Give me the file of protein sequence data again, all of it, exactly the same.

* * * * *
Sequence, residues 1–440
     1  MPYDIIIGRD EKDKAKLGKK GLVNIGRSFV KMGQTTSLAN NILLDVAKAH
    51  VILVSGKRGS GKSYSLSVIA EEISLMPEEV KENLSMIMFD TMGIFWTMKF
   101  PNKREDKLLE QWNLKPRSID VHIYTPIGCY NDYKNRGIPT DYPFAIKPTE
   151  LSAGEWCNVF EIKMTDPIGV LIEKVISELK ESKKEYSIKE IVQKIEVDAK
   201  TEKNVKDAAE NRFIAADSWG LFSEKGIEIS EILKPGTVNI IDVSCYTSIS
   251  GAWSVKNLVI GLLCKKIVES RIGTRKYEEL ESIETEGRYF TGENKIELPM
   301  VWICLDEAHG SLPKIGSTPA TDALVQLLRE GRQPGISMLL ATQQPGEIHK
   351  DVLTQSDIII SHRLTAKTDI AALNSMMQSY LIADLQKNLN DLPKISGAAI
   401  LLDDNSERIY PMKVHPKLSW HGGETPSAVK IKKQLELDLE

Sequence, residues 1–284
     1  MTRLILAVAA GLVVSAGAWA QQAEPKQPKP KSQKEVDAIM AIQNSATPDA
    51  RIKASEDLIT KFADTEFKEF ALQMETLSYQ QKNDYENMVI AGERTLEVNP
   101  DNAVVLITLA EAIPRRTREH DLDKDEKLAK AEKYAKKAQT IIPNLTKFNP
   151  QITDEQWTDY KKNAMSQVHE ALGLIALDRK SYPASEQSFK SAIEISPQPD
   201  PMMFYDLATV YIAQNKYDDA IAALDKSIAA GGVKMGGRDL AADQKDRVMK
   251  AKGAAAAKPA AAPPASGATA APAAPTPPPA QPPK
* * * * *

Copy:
Sequence, residues 1–440
     1  MPYDIIIGRD EKDKAKLGKK GLVNIGRSFV KMGQTTSLAN NILLDVAKAH
    51  VILVSGKRGS GKSYSLSVIA EEISLMPEEV KENLSMIMFD TMGIFWTMKF
   101  PNKREDKLLE QWNLKPRSID VHIYTPIGCY NDYKNRGIPT DYPFAIKPTE
   151  LSAGEWCNVF EIKMTDPIGV LIEKVISELK ESKKEYSIKE IVQKIEVDAK
   201  TEKNVKDAAE NRFIAADSWG LFSEKGIEIS EILKPGTVNI IDVSCYTSIS
   251  GAWSVKNLVI GLLCKKIVES RIGTRKYEEL ESIETEGRYF TGENKIELPM
   301  VWICLDEAHG SLPKIGSTPA TDALVQLLRE GRQPGISMLL ATQQPGEIHK
   351  DVLTQSDIII SHRLTAKTDI AALNSMMQSY LIADLQKNLN DLPKISGAAI
   401  LLDDNSERIY PMKVHPKLSW HGGETPSAVK IKKQLELDLE

Sequence, residues 1–284
     1  MTRLILAVAA GLVVSAGAWA QQAEPKQPKP KSQKEVDAIM AIQNSATPDA
    51  RIKASEDLIT KFADTEFKEF ALQMETLSYQ QKNDYENMVI AGERTLEVNP
   101  DNAVVLITLA EAIPRRTREH DLDKDEKLAK AEKYAKKAQT IIPNLTKFNP
   151  QITDEQWTDY KKNAMSQVHE ALGLIALDRK SYPASEQSFK SAIEISPQPD
   201  PMMFYDLATV YIAQNKYDDA IAALDKSIAA GGVKMGGRDL AADQKDRVMK
   251  AKGAAAAKPA AAPPASGATA APAAPTPPPA QPPK